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Here's where you can go if you're looking for UFOs:

The UFO Guide (http://www.rahul.net/rogerd/ufo.guide.html): Compiled by Nick Humphries, this is a very good, alphabetic guide to basic ufology facts - people, places, things, events. Topics covered range from George Adamski, a renowed UFO hoaxer, to a description of the "The Greys" (the most commonly described alien) to the 1947 Roswell case, a much-discussed crash of either a flying saucer or weather balloon.MUFON (http://www.rutgers.edu/(tilde)mcgrew/mufon/): The Mutual UFO Network was founded in 1969 as a multidisciplinary, grassroots effort to solve the UFO mystery. It counts 5,000-plus members. The site lists information about the organization, its UFO hotline (1-800-UFO-2166), symposium and monthly journal.

UFO Online Links

(http://oasi.shiny.it/Homes/CISU/english/http.htm): An index of UFO-related links. The site bills itself as the "most complete collection of UFO and UFO-related sites," with listings for the United States, Canada, Europe, Australia and Asia. There are 10 Italian sites alone.

SETI (http://www.seti-inst.edu/toc.html): The Search for Extraterrestrial Intelligence site, the organization behind the defunct Project Phoenix, a NASA-sponsored search for electromagnetic wave emissions in space. Among current projects listed at the site are a study for one of the key enzymes of cellular life and an investigation of the formation and evolution of young stars.

Crop Circle Connector (http://www.hub.co.uk/intercafe/cropcircle/connector.html): The Crop Circle Connector debuted last summer on the Web. It is a comprehensive site for information about the crop circles that have baffled or buffaloed people, depending on your point of view, for decades. The circles are most prevalent in England. The site features lots of photographs and diagrams detailing the circles, including a "crop circle of the week." The week I peeked the feature was of a circle that appeared this month in a canola field at Silbery Hill.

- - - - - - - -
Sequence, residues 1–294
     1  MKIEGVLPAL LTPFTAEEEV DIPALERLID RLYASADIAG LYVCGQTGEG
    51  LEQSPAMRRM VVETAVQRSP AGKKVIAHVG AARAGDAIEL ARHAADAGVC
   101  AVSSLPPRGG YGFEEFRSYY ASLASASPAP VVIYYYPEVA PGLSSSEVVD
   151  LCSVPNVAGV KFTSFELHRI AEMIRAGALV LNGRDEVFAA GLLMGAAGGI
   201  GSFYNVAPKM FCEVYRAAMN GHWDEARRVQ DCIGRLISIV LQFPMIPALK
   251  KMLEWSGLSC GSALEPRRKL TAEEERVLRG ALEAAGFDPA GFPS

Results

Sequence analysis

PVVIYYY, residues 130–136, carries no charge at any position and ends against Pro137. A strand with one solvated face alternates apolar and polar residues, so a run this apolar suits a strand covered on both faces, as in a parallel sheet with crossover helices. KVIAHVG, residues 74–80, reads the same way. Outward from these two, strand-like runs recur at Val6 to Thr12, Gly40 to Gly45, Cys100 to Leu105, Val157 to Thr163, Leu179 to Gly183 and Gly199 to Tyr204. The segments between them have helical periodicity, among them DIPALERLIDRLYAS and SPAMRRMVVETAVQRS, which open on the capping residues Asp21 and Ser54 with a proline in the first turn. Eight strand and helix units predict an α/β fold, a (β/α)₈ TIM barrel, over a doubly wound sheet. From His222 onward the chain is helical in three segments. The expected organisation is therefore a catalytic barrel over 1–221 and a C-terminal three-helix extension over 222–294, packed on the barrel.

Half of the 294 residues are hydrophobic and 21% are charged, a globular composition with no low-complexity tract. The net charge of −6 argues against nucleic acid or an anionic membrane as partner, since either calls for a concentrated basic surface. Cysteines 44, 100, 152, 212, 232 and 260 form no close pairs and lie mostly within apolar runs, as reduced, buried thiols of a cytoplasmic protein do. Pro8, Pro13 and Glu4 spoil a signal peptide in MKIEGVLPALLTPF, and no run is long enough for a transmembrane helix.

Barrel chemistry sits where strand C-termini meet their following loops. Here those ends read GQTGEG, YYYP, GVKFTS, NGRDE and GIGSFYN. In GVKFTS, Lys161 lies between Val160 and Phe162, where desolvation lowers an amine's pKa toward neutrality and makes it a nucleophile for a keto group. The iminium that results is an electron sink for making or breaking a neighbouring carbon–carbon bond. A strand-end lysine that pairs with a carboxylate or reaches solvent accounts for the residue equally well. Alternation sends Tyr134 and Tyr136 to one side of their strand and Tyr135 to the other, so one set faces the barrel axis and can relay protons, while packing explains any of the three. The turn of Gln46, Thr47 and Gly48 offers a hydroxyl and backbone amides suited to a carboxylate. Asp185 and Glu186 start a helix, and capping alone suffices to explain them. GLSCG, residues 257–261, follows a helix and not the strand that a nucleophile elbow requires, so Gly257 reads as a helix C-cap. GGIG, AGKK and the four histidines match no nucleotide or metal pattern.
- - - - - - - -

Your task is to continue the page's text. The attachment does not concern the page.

UFO Books (http://ernie.bgsu.edu/(tilde)jzawodn/ufo/ufo-books.html), which is a quick guide to a wide range of UFO books, focused on views of UFO researchers who "believe UFOs are a mystery needing a solution." Or, (http://www.public.iastate.edu/(tilde)edis/skeptic/ufo.html), a catalog of books and articles debunking ufology.

Victor Alatorre's UFO Homepage

(http://www.mio.uwosh.edu/(tilde)alatorrv/ufo/ufo.html): A very nice compilation of UFO-related information, including links to Usenet groups and paranormal sites. The site gives equal play to the pro and con sides of the UFO/alien debate.

You'll find Hanger Umpteen, a backhand reference to Hanger 18 of UFO lore, where info on the "50 Greatest Conspiracies of All Time" is stored. And you'll also see the Pleiades, an index to sources on the constellation some people think is home to extraterrestial life.

The Pleiades (http://www.powertech.no/(tilde)pleiades/): Karen Lustrup is Webmaster of this site, which goes where few other pages have dared venture before. You can file your own abduction report and find out how to check your body for alien implants or flourescent markings. There also links to Lustrup's favorite astronomical and earthquake Web sites as well as to information on spiritual channeling and light workers.

Guardian (http://www.fis.utoronto.ca/home/students/mckenzie/Guardian.html): This is the work of David McKenzie, who says he started as a disbeliever and was transformed after reading Whitley Strieber's book "Communion." The site is his contribution to the search for the truth behind the UFO/alien debate.

Cyberdelic's UFO Landing Pad (http://www.nova.cioe.com/html/alien.html): Cyberdelic's page is useful for its links to newsgroups. You can also take a UFO survey. Of the 110 people who'd taken it when I visited the page, only 4.5 percent said they don't believe in UFOs and only 20 percent said they don't believe in aliens. Two-thirds of those surveyed said they have never been abducted by aliens and more than a third said they'd never seen a UFO.

For Skeptics (http://www.xnet.com/(tilde)blatura/skep(underline key)3.html): Offers reasonable explanations for purported UFOs and alien encounters. Crop circles, for example, are hoaxes, plain and simple, the site says. There's also a guide to how to test a channeler's authenticity.